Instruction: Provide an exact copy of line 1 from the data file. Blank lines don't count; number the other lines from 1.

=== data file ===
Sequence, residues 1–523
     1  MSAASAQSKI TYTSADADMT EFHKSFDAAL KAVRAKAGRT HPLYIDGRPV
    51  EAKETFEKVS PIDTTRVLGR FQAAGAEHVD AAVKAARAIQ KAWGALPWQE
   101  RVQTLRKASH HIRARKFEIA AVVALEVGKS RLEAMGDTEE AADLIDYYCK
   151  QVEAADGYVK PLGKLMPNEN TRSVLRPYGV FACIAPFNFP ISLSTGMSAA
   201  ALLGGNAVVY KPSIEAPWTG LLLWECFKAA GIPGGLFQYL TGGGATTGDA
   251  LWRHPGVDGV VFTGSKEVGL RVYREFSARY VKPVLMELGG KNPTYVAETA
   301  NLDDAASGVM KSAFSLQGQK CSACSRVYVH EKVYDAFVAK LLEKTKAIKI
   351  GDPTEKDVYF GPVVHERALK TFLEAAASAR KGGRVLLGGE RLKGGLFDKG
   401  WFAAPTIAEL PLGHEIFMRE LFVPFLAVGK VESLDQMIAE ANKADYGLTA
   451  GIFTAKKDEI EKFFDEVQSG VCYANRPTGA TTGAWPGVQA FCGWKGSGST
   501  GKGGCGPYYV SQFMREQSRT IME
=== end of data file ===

Sequence, residues 1–523